We are new hosts. We recently took a booking for our entire house (red flag 1) for one night (red flag 2) from what turned out to be a local guest (red flag 3) with a new profile (red flag 4). These concerned me.
I couldn't see much about this guest at the point of the request to book. I didn't want to create an issue with our property in searches, so I naïvely accepted their stay. I called Airbnb to discuss this.
The lady who booked asked for an early check-in (red flag 5?). She did not reply to either of my messages. I called Airbnb again. They contacted the guest on my behalf and said the guest said they were happy to proceed with an early booking. I was concerned of cancelling and was persuaded to continue.
She was not at check-in as agreed. Two people claiming to be their parents did appear.
During her stay she did not respond to my messages.
I returned to the house for checking-in at the agreed time. No one was there. To my horror the keys were left outside, next to the front door mat, the windows were open. The lights and other electrical appliances were left on. We have a no smoking policy. There were cigarette buts thrown on the drive, the terraces, in the pond and in plant pots. The house smelt of smoke. Our neighbours told us that they had been making noise outside after the 10pm time we had requested and that they could smell drugs. The bins were full of empty beer bottles, cans and spirit bottles. I am guessing around 50 to 60 bottles and cans. 8 wine glasses were also used. Too many for the 6 booked guests. so I think it is safe to say they has a party - which we do not allow. There were also three beach towels missing. It could have been much worse.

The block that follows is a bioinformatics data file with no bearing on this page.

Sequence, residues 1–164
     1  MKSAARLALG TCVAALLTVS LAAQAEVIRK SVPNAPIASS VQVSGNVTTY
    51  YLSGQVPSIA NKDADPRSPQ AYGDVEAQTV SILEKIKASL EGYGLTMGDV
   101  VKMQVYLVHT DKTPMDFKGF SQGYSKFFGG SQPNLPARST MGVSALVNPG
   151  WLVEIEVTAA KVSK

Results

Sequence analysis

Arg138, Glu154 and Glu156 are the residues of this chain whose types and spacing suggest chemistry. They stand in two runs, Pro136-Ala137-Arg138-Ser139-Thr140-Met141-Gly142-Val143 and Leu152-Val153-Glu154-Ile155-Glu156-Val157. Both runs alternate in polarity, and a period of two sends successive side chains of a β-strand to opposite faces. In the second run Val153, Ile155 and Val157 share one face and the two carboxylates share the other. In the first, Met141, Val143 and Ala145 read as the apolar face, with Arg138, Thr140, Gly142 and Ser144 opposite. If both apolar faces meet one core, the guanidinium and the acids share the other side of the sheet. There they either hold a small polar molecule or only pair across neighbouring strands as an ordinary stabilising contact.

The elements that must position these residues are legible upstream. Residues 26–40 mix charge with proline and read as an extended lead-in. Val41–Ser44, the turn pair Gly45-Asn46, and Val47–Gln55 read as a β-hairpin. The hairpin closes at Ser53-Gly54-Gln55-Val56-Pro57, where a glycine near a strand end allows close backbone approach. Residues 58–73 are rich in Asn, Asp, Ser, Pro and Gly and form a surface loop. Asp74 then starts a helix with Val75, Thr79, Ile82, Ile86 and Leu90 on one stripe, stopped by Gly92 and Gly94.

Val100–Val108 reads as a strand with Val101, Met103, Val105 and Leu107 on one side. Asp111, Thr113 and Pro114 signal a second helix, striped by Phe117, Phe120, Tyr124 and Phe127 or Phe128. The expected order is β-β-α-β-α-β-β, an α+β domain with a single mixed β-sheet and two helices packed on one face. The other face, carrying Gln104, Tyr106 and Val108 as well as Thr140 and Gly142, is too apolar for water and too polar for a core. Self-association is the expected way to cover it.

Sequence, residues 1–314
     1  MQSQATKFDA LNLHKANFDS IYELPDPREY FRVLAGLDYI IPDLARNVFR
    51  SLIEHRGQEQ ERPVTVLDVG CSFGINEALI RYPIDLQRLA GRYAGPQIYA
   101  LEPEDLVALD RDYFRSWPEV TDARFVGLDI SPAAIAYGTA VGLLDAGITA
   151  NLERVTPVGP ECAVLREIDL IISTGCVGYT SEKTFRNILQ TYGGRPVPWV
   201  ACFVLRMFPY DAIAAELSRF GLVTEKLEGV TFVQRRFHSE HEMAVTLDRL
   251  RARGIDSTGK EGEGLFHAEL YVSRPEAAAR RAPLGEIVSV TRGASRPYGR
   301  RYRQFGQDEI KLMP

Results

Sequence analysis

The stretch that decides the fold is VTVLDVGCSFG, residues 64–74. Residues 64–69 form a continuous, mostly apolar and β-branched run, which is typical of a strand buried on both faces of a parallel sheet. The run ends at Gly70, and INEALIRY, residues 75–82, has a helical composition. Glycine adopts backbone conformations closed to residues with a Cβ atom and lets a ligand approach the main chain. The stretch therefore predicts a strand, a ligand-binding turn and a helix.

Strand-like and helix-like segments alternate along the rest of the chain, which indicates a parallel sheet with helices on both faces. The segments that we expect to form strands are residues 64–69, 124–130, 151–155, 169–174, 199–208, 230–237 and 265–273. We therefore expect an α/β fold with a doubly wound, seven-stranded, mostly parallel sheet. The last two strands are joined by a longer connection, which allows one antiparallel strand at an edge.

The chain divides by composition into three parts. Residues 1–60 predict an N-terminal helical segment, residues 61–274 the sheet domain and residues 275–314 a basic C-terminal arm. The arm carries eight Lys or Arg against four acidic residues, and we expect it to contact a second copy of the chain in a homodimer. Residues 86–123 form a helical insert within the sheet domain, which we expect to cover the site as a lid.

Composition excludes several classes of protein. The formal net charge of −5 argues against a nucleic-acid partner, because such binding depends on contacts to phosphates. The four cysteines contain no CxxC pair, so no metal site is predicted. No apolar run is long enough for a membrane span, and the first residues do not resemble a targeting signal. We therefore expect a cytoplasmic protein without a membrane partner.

I messaged and called Airbnb on three occasions asking for some help. The first time the support officer was not particularly interested or supportive. The second was, but I was cut off and did not receive a call back. The third time I messaged, I received a link which did not work and the staff member stopped the conversation. I was told that I had to go back to an old thread, which I did. I responded and again nothing.
There are several questions here...
Airbnb are aware of problem guests outlined in their video message in October 2020 and said that they were acting on the four flagged red flags, (I think I have found a fifth) by November 2020 to prevent these bookings coming through to hosts.
Were we missed? Has anyone got any experience of Airbnb actually acting on these 'Red Flags? Hosts do not appear to be privy to the guest information that Airbnb holds at the time of booking. I was not supported by Airbnb at the time the booking, when the guest requested to book, nor afterwards. How many time do I need to ask for some help?
Why aren't we told as new host, if you are worried don't accept the booking, we will stand by you? Perhaps most importantly somewhere along the way I was told a senior member of staff would call me back...I am still waiting days later.
I don't know what more I can do. I feel unsupported, let down and concerned. On my own initiative I am no longer taking one-night bookings, I have raised my prices and I am no longer accepting bookings unless I am convinced they are genuine and have put in a minimum stay of two nights, but I have done this myself. Surely we should be getting more support.